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Perspective

While a peace deal is celebrated in South Sudan, the transitional government must address the extreme hunger facing the South Sudanese people

Today, thousands will gather in Juba to celebrate the signing of a peace deal and the hopeful end to a five-year long civil war.

Martin Okumuba, South Sudan Country Director at the International Rescue Committee (IRC), said:

“The IRC is encouraged that warring parties were able to put aside differences and sign a peace deal to end the long-time suffering of the South Sudanese people. Today is a day worth celebrating, but the IRC calls on all parties to remain calm and peaceful. Tensions may be high today, and all those participating in the celebration must exercise caution and restraint.

Despite some violations of the ceasefire, the IRC is encouraged by signs the war in South Sudan may finally be coming to an end. However, the South Sudanese people are still suffering and starving. Most of the population of South Sudan (69%) is facing acute food insecurity with 1.7 million already in emergency conditions (IPC Phase 4) and 47,000 facing imminent catastrophe (IPC Phase 5).  These are the consequences of the lasting conflict which has disrupted livelihoods and the economy. The transitional government must make ending hunger in South Sudan an immediate priority to demonstrate that the peace deal will benefit the South Sudanese people, many of whom have been forced to flee their homes and endure unthinkable violence.

The international community must ensure that humanitarian support is increased and delivered, even as resources are channelled to the implementation of the peace process. Donors and Intergovernmental Authority on Development states must hold the South Sudanese transitional government to account if they fail to facilitate a timely and needs-based response.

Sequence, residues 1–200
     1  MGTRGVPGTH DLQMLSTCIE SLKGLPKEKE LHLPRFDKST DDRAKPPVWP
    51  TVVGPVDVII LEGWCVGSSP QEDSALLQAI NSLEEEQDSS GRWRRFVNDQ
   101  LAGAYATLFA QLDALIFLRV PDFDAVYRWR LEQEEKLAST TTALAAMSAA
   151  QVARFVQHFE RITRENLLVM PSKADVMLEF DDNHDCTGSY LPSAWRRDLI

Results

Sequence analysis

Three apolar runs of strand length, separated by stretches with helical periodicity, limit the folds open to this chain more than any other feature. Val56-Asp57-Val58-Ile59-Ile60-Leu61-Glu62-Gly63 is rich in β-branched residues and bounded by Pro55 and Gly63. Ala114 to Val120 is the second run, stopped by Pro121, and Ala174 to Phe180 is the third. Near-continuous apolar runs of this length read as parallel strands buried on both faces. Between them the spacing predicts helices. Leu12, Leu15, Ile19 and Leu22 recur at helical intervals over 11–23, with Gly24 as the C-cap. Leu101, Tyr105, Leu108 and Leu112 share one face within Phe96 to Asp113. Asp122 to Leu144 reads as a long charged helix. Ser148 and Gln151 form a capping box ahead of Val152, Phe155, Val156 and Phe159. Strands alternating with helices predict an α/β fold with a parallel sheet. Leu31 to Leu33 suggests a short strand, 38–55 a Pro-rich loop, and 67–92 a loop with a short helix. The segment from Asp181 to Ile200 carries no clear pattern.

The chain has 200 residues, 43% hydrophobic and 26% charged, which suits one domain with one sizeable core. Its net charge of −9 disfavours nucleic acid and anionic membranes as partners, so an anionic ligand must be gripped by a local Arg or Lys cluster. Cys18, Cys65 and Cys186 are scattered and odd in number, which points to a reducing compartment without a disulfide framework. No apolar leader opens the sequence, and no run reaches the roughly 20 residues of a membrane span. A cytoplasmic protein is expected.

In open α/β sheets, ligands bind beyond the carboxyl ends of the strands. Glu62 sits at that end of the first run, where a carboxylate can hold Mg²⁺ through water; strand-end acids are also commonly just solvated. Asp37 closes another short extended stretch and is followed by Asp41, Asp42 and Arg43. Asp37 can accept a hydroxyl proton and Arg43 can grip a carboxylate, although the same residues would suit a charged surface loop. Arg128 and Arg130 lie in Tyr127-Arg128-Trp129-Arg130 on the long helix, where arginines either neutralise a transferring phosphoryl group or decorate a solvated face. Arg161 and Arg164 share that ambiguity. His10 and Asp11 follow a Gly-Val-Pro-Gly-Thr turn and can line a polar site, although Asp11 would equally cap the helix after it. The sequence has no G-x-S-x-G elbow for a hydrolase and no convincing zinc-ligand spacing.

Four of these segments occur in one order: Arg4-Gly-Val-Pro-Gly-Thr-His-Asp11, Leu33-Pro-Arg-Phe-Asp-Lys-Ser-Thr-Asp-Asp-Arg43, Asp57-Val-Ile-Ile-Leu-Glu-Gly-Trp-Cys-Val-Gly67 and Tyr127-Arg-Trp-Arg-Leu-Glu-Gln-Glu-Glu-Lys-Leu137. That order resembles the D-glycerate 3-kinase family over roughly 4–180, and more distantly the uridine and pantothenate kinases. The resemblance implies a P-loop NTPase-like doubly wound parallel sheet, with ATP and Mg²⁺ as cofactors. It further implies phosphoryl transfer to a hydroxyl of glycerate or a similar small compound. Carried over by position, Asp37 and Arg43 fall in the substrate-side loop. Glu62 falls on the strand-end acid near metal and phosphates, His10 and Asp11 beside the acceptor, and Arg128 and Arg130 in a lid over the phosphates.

These efforts will not only serve to address the critical needs of the people of South Sudan including those in or on the brink of famine, but also support the broader peace and reconciliation in the country.

The IRC has been working in South Sudan since 1989 providing life-saving nutrition and healthcare, child and women’s protection, livelihoods and reproductive healthcare to those most affected by the ongoing conflict. We stand ready to work alongside the transitional government to ensure the South Sudanese people no longer go hungry.”

For more information about the IRC’s work in South Sudan, click here.

About the IRC

The International Rescue Committee responds to the world’s worst humanitarian crises, helping to restore health, safety, education, economic wellbeing, and power to people devastated by conflict and disaster. Founded in 1933 at the call of Albert Einstein, the IRC is at work in over 40 countries and 28 offices across the U.S. helping people to survive, reclaim control of their future, and strengthen their communities. Learn more at www.rescue.org and follow the IRC on Twitter & Facebook.